Background: The incidence of Crohn’s disease (CD) is increasing. A common complication of CD is fistulizing disease, affecting up to 40% of individuals. While anti-Tumor necrosis factor- (anti-TNF) drugs have demonstrated efficacy in both non-fistulizing and fistulizing disease, limited population sizes in individual clinical trials have inhibited analyses to assess what factors may predict fistula response.
Objective: To assess the impact of anti-TNF drug levels on fistula healing in CD.
Study design: Retrospective cohort study of individuals with fistulizing CD from clinical trials of anti-TNF agents.
Participants: Individuals with CD with known fistula enrolled in clinical trials of anti-TNF agents who received therapy and had subsequent drug level testing.
Main Outcome Measure(s): The primary dependent variable will be a >50% reduction in drainage from fistula measured by week 14 of the study. Additional outcomes will include > 50% reduction at 1 year and complete cessation and closure of fistula.
Statistical analysis: Baseline covariates will be compared using descriptive statistics. We will then use logistic regression to adjust for multiple covariates, assessing the impact of drug levels >5ug/mL versus <5ug/ml. We will first employ univariate analysis, including all individual covariates with a p-value >0.10 in a final combined model. Backwards elimination will then be utilized to remove variables that do not significantly impact the OR by >10%. We will also conduct a propensity score analysis adjusting for factors predictive of a drug level <5ug/ml.
The incidence of Crohn’s disease (CD) is increasing worldwide(1). Unlike the other forms of inflammatory bowel disease, the inflammation in CD is transmural, significantly increasing the risk of penetrating and stenosing phenomena such as stricture, abscesses and fistua. Enteric fistula are a particularly troublesome and common complication, affecting up to 43% of patients with CD, and are responsible for a significant amount of morbidity and patient distress. Previous therapies such as antibiotics and immunomodulators to eliminate these tracts have demonstrated marginal efficacy in case series and small randomized controlled trials(2,3).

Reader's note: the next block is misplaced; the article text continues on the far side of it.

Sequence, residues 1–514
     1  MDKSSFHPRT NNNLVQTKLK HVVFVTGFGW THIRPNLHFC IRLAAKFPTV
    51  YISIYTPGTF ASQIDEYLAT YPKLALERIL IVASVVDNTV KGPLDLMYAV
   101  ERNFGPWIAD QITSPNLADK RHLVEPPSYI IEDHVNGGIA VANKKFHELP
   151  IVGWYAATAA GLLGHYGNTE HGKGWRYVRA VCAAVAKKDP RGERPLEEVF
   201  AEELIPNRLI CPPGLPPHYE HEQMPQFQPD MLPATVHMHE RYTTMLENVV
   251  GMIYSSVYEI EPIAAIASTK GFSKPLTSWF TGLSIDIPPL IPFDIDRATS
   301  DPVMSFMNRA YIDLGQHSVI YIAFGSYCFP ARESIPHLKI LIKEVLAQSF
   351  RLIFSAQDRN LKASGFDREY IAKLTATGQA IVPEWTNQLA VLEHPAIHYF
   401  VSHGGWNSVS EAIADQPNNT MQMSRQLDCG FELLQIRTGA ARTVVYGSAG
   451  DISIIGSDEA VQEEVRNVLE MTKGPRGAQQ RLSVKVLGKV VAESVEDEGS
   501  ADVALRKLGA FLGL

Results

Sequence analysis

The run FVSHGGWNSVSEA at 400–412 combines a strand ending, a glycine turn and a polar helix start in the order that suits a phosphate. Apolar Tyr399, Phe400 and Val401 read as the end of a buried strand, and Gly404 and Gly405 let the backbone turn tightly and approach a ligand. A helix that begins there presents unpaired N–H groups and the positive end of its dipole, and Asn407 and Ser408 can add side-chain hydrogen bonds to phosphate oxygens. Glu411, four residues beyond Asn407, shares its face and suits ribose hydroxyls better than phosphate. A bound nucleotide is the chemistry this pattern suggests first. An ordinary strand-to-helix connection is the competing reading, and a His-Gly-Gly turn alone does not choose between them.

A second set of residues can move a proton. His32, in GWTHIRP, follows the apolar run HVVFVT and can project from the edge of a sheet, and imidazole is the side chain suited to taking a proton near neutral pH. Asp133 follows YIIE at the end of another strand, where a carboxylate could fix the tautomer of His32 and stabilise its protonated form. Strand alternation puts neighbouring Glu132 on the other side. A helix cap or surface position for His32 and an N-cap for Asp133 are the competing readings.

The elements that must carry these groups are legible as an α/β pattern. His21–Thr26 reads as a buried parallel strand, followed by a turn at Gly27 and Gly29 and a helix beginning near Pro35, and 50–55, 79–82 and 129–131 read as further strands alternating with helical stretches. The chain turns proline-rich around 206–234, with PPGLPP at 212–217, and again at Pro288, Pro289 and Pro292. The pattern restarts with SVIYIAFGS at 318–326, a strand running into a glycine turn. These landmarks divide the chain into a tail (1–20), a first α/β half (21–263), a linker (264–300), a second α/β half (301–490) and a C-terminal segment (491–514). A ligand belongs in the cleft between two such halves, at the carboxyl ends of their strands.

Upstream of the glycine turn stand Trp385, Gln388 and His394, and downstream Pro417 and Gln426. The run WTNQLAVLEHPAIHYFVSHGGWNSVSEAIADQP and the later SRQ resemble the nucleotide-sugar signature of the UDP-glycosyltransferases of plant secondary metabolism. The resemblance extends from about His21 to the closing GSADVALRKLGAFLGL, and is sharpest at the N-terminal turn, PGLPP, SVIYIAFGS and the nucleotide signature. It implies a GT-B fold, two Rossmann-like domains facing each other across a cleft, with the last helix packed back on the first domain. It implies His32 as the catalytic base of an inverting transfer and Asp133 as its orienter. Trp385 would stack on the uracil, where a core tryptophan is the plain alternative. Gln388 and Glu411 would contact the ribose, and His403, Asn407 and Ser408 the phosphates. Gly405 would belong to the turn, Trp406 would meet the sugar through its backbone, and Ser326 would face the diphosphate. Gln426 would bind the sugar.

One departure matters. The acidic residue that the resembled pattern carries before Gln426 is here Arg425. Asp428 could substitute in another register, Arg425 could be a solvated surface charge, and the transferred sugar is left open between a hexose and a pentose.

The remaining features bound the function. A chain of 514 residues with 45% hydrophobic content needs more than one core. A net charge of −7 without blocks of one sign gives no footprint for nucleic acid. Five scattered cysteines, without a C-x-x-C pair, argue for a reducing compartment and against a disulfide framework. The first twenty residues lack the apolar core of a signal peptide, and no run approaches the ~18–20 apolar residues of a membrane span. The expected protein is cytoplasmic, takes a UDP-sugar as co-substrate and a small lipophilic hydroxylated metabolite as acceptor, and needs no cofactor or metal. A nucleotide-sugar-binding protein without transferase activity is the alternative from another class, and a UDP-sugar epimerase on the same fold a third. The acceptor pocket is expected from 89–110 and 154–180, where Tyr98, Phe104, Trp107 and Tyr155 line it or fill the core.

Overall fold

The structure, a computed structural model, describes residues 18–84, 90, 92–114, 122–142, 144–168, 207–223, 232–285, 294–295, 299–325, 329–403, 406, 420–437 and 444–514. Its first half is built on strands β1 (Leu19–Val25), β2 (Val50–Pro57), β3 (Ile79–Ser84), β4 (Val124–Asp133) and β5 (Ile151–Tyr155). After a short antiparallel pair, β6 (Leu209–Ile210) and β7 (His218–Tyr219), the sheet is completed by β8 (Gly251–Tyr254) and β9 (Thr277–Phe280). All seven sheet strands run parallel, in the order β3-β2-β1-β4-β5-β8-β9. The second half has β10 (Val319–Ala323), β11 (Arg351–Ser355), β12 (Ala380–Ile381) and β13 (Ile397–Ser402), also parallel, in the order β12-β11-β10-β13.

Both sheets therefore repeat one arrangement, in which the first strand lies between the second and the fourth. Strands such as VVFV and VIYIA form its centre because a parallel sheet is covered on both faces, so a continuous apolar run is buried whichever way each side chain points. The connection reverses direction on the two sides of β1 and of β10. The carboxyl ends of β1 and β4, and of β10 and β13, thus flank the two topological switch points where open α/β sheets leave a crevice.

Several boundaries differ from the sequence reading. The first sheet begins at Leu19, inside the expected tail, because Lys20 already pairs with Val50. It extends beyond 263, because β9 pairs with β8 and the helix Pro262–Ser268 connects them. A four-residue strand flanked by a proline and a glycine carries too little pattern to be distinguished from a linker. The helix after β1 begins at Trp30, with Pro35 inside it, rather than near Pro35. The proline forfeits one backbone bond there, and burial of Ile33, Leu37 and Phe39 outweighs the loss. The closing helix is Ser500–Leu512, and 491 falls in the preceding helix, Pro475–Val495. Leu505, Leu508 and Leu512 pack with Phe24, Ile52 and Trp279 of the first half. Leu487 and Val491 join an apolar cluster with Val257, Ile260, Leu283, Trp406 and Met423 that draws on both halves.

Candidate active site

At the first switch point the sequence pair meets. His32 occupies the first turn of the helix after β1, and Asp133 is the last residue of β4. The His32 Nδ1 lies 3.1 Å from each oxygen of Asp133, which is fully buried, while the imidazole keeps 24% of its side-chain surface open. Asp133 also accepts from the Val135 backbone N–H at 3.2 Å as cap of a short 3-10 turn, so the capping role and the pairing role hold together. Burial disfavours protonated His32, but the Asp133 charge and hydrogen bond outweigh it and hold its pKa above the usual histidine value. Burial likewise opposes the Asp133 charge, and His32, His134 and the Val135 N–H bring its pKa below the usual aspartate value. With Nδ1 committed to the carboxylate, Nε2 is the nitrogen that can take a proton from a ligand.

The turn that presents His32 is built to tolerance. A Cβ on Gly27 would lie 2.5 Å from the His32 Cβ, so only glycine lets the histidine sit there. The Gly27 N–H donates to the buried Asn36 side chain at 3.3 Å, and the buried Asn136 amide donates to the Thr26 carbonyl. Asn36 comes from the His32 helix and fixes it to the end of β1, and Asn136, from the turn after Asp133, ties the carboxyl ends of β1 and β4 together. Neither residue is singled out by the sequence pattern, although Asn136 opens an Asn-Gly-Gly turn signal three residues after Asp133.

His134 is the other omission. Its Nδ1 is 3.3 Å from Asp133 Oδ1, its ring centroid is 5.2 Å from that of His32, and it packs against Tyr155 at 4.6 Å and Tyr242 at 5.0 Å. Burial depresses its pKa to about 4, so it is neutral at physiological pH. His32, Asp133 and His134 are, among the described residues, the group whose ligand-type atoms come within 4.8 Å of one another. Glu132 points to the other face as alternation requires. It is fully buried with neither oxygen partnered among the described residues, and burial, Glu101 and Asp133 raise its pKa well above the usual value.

Infliximab, a chimeric IgG1 antibody against tumor necrosis factor-α (TNF-α) has demonstrated efficacy in both inducing and maintaining remission in CD in several large randomized controlled trials(4,5). In addition, several subgroup analyses and additional studies have demonstrated the efficacy of infliximab in the treatment of fistulizing and perianal CD(6-9).
One such trial was the ACCENT-II trial, which assessed the efficacy of infliximab in 306 adult patients with at least one draining abdominal or perianal fistula6. The primary outcome assessed was the time to loss of response in those who initially had a response to infliximab, with a total of 54 weeks of follow-up time. Infliximab demonstrated a significantly increased time to loss of response (40 weeks vs 14 weeks, p<0.001) and a significantly greater number of individuals still with response at 54 weeks (46% vs 23%, p=0..001).
While these data demonstrated that infliximab had significant efficacy in the management of fistulizing disease, a proportion of patients had a loss of response (LOR), which was defined not only as recrudescence of fistula activity, but also any worsening of luminal CD or need for changes in CD therapy. On multivariate analyses, no variables were associated with increased rate of response or relapse, however.
Due to unavailability of routine drug level testing at the time, IFX levels were not assessed in the ACCENT-II trial. However, there is growing evidence that these levels are important indicators of response in those with luminal CD. We hypothesize that serum trough infliximab levels, as well as infliximab antibody levels are key variables in predicting who will respond and subsequently lose response to infliximab with fistulizing CD.